April 28, 2015 Reading Time: < 1 minute

Our April Business Conditions Monthly report began the discussion of federal income taxes and equity. It reported IRS data showing that the top 20 percent of income tax filers paid 88 percent of income taxes in 2011.

Of course, the U.S. federal income tax is structured to be progressive, meaning tax rates generally rise as income rises. So, to assess the fairness of the tax system, it is important to know what share of total income the top 20 percent held.

Some will debate whether our tax code is too progressive — that our rates on upper incomes discourage economic activity — or not progressive enough. Others will debate whether or not a progressive system is the best one. Advocates of replacing the income tax with a value-added tax are pushing for a less progressive approach (although, some proposals do include some elements of progressivity).

The Congressional Budget Office has produced a very good overview of the current structure of the federal individual income tax using the same 2011 tax return data and it can be read here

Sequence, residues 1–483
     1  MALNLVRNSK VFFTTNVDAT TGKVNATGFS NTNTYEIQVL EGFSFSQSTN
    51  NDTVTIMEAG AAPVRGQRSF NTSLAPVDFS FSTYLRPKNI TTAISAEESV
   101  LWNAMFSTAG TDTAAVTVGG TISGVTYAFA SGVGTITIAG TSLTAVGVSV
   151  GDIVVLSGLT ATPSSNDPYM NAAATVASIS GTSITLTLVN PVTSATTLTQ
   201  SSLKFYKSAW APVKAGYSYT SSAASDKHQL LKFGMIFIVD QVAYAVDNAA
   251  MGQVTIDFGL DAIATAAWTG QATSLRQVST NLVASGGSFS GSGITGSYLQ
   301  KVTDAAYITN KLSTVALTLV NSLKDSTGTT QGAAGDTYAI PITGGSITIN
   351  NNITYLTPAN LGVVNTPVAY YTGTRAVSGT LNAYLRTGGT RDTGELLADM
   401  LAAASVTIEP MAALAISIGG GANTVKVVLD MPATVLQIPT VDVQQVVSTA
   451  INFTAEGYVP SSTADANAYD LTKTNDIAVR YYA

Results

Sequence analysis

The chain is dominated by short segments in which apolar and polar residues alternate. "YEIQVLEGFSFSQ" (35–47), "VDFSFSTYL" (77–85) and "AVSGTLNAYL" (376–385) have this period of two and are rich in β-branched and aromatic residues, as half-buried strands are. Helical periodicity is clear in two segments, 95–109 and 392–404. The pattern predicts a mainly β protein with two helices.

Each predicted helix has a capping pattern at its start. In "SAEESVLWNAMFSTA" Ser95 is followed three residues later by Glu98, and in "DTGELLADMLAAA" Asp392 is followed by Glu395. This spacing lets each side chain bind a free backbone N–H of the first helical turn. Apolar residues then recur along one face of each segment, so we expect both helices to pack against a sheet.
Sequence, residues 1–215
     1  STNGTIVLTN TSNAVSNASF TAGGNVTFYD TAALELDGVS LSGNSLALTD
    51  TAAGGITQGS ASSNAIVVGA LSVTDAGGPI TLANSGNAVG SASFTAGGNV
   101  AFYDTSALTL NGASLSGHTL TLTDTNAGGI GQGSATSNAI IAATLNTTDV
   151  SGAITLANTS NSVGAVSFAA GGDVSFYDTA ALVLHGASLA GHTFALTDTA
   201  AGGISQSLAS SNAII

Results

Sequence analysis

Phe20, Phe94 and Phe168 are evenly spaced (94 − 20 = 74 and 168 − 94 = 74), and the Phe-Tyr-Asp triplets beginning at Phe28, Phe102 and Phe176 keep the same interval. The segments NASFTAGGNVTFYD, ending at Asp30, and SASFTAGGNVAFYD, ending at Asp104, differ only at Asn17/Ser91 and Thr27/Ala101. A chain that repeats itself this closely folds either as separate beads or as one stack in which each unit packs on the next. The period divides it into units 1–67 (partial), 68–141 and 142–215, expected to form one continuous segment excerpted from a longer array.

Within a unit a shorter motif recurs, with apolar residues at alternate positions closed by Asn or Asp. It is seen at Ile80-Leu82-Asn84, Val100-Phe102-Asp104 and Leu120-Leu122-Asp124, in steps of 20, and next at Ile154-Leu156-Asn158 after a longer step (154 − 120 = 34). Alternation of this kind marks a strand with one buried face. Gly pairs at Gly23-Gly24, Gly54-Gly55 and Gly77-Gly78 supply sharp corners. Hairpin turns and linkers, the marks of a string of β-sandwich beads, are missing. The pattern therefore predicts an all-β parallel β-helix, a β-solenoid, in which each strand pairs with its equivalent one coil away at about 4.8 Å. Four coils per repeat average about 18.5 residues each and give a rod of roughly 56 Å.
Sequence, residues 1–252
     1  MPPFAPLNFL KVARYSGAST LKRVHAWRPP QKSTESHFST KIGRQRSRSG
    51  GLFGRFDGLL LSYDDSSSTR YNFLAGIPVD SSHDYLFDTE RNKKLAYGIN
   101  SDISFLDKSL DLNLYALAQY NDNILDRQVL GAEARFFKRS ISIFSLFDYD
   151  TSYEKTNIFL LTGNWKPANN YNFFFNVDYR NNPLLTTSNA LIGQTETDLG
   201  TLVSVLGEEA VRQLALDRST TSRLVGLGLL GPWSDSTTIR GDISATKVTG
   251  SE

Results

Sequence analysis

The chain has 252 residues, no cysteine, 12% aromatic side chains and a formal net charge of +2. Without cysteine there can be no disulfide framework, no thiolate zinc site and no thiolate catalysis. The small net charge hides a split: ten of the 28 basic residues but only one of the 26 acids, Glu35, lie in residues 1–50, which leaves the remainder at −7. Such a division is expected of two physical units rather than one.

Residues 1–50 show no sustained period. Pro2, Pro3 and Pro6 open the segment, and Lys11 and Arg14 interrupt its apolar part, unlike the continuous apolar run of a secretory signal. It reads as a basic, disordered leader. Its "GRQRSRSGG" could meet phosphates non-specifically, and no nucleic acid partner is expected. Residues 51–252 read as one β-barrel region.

The chart below, from the CBO report, illustrates the concept of progressivity in tax structure. It is a good point of reference as the debate continues over the fairness of our tax structure.

Robert Hughes

Bob Hughes

Robert Hughes joined AIER in 2013 following more than 25 years in economic and financial markets research on Wall Street. Bob was formerly the head of Global Equity Strategy for Brown Brothers Harriman, where he developed equity investment strategy combining top-down macro analysis with bottom-up fundamentals. Prior to BBH, Bob was a Senior Equity Strategist for State Street Global Markets, Senior Economic Strategist with Prudential Equity Group and Senior Economist and Financial Markets Analyst for Citicorp Investment Services. Bob has a MA in economics from Fordham University and a BS in business from Lehigh University.

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